Dialectical Behavior Therapy (DBT)

5 Things to Know About Dialectical Behavior Therapy

The creator of dialectical behavior therapy (DBT), Dr. Marsha M. Linehan, once wrote that “It is hard to be happy without a life worth living. This is a fundamental tenet of DBT.” Now, while this statement may seem relatively straightforward on its face, it is, of course, as expected, much more complex under the surface.

Dr. Linehan continues, “Of course, all lives are worth living in reality. No life is not worth living. But what is important is that you experience your life as worth living – one that is satisfying, and one that brings happiness.” Again, focusing on the fundamentals, the ultimate goal of DBT is to help individuals better accept and understand their feelings so they can find their life’s worth.

What Exactly Is Dialectical Behavior Therapy?

The concept of DBT first evolved out of the psychological theories brought forth by cognitive-behavioral therapy (CBT). Dr. Linehan’s goal was to create a therapy based on CBT that would directly target suicidal individuals (specifically women at first).

According to a 2016 article by psychologist Dr. Alex Chapman in the journal, Psychiatry (Edgmont), “Linehan weaved into [her] treatment interventions designed to convey acceptance of the patient and to help the patient accept herself, her emotions, thoughts, the world, and others,” and “as such, DBT came to rest on a foundation of dialectical philosophy, whereby therapists strive to continually balance and synthesize acceptance and change-oriented strategies.” Perhaps, a helpful way to understand DBT is that it is a therapy derived from CBT, but it has a greater focus on acceptance and is for individuals whose emotional state is more fragile.

How Does Dialectical Behavior Therapy Work?

DBT is a talk therapy with a structure similar to CBT. However, DBT has a specific focus on four core techniques. These are mindfulness, interpersonal effectiveness, stress tolerance and management, and emotional regulation.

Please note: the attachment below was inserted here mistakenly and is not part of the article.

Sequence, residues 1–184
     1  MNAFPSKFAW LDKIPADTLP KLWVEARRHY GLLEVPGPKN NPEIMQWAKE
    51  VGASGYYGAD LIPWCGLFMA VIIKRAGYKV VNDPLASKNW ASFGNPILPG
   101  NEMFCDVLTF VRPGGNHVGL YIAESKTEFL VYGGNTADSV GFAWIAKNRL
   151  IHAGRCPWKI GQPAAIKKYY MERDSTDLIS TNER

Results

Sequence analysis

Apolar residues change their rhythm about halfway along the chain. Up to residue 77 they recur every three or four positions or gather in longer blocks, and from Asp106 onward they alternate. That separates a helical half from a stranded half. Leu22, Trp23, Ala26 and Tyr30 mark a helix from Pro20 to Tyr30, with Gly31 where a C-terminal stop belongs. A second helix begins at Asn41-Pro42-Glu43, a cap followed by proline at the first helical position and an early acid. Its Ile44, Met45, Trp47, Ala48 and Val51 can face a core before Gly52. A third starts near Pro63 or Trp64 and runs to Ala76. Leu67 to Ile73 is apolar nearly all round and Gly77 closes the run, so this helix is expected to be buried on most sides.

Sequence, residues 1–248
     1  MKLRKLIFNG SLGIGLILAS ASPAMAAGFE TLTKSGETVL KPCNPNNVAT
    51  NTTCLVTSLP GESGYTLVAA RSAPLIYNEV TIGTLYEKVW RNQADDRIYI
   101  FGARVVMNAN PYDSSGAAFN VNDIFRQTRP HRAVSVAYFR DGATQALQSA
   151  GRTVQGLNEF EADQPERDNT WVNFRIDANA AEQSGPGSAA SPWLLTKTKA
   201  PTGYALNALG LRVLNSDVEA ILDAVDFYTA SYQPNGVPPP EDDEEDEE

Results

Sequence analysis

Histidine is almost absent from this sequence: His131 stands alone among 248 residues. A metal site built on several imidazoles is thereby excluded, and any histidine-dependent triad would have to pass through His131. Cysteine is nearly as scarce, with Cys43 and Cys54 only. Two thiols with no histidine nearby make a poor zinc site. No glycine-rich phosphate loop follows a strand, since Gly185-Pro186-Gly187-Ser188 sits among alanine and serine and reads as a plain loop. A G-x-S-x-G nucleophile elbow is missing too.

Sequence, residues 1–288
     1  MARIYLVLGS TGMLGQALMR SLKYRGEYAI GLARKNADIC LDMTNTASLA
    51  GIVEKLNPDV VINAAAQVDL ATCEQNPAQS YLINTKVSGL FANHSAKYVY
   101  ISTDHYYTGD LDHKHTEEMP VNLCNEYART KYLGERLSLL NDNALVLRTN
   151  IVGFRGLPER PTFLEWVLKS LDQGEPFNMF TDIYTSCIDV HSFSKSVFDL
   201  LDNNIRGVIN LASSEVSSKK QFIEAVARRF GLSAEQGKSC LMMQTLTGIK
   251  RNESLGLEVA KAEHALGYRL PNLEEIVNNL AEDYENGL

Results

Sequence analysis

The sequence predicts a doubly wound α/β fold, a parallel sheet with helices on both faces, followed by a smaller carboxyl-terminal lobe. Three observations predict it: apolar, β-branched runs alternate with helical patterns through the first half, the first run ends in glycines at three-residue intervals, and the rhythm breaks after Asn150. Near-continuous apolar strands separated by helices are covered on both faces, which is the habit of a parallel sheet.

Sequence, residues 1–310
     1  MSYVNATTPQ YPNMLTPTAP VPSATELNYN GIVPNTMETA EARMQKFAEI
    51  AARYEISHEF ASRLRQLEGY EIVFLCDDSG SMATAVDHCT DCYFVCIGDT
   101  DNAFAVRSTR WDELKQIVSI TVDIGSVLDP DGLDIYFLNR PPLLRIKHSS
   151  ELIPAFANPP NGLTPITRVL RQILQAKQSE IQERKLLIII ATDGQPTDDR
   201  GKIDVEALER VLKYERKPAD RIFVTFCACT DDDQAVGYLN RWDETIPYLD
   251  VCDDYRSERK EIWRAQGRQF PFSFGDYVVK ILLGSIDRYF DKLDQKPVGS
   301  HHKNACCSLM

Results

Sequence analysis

First, by focusing on mindfulness, an individual can learn to be present in all aspects of their lives. Next, by working on interpersonal effectiveness, a person can learn to communicate more clearly and express their needs more succinctly. Also critical to this learning to say no. Then, by learning to manage stress, an individual can “self-soothe” and navigate uncomfortable situations. Last, by learning to regulate emotions, a person creates the potential to better control their feelings and reduce their vulnerability in situations.

What Does Dialectical Behavior Therapy Treat?

Initially, DBT was created to specifically work with individuals that were suicidal and struggling with borderline personality disorder (BPD). However, DBT has been shown to treat many issues of mental health.

DBT therapists now work with individuals struggling with eating disorders, substance use disorders (SUDs), post-traumatic stress disorder (PTSD), and anxiety and depression. Ultimately, as previously mentioned, DBT can be particularly effective for individuals with mental health disorders that tend to feel exceptionally intense emotions.